A great summary and guidance is provided on this podcast that is available online from a16z. It reminds me of the calls and conversations I have helping others in their mobile movements on what is right, what is relevant and then what is reality based on their teams, talent, and technology. The “mobile first” mentality has been present for some time, and especially in the more digitally advanced economies, such as China and other emerging markets. A few highlights I wanted to call out are noted below:
· They mention how “design is always relevant in retrospect” is perfect. There is a great deal of development and detail that goes into the building of the app and understanding what is intuitive on the audience that will use your mobile app or experience. The case of the design of the websites and mobile apps that are denser in markets in China, it might be logical and understood by the users there in the markets. They mention that good user experience in China is where the consumers can figure it out without having to find the instructions. That clearly differs from other markets where documentation and support are assumed.
· Many companies in the US have still moved to create separate apps for different functions and utilizations such as payments versus messaging. (examples include: Facebook/Facebook Messenger to Uber / Uber Eats). There is the benefit of having them all bundled together to have convenience for the user, less friction and information in there integrated, but now in the unbundled world that some of the major companies have in the US, they have developed standalone apps.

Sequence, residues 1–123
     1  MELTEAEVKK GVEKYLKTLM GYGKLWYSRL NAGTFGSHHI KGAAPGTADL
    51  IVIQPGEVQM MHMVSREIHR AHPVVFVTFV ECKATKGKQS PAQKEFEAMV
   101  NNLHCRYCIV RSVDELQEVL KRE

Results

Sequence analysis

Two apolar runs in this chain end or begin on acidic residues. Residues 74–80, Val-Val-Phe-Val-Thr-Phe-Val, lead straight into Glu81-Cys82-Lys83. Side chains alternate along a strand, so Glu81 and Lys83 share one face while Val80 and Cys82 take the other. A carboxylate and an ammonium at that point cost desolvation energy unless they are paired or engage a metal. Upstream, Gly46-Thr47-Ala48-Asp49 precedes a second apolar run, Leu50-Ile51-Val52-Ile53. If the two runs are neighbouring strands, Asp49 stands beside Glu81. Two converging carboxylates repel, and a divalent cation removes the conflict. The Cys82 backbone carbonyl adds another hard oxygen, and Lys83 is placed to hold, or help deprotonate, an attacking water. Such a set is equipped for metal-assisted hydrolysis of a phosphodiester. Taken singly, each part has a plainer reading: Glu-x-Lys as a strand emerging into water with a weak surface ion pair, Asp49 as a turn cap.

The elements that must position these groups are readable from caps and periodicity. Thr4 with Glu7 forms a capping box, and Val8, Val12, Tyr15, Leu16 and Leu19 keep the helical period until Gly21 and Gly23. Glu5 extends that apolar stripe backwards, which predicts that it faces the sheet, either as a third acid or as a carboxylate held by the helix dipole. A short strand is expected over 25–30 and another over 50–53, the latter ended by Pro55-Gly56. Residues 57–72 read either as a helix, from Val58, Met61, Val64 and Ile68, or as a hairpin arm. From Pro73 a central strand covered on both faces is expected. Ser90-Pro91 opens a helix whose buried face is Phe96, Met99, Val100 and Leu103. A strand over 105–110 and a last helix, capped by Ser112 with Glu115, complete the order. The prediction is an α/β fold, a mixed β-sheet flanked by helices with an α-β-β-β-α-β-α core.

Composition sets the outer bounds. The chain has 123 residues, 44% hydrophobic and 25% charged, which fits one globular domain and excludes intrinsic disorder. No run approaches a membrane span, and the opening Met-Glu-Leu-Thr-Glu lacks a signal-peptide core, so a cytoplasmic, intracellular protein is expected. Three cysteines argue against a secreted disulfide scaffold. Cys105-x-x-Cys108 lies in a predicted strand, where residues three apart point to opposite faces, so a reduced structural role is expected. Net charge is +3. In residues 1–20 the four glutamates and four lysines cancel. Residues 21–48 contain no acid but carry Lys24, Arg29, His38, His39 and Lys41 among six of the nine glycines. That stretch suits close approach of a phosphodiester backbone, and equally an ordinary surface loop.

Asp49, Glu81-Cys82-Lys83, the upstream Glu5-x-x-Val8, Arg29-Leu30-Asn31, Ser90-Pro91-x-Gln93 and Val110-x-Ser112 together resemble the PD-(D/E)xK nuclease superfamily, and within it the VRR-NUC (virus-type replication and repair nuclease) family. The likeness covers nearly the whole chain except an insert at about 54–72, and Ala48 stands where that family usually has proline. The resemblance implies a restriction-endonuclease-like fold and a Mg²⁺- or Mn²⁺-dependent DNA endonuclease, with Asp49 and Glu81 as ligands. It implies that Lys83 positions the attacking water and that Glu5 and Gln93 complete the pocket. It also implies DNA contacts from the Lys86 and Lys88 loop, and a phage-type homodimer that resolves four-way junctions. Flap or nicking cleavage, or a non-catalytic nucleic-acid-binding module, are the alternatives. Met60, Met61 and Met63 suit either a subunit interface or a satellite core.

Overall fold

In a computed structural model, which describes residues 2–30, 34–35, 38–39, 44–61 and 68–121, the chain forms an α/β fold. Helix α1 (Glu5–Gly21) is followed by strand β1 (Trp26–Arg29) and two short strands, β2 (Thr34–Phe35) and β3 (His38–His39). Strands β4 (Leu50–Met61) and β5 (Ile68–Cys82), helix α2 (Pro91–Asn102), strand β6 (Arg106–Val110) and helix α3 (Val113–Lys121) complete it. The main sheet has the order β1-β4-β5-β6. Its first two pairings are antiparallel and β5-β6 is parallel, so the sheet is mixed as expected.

· The logic of why a decision is made and applied by the Snapchat, WeChat, Facebook and others is not always clear to the outside. Therefore the direction that we often have seen used by other companies and organizations to do something simply because one of these leaders did so is not always the right move. You clearly must trial and test this with your user base and follow the analytics for answers to make the correct decision for your business and brand. The same issue and boundary are in the utilization of voice, swiping our hands and more to command instructions for inputs. Will it always work? Predictive and Intuitive is great when it works. You want to be able to specify intent for each thing, and each user and person is different. Consumers and norms will vary by countries and cultures always.
The norms in a business environment from a scrappy startup to an established business and or regulated discussion vary significantly! There are rules and regulations of course from technology and engineering to the inputs and expectations from regulators and legal in the business – regardless of the company size. It is finding the right mix and customer satisfaction that demonstrates success. From my experiences in both environments, smaller startups tend to do that faster and easier than established organizations based on lack of limitations and lanes that they must swim in. Only the end user knows what works and the metrics are what matter for the business and brand to analyze for success.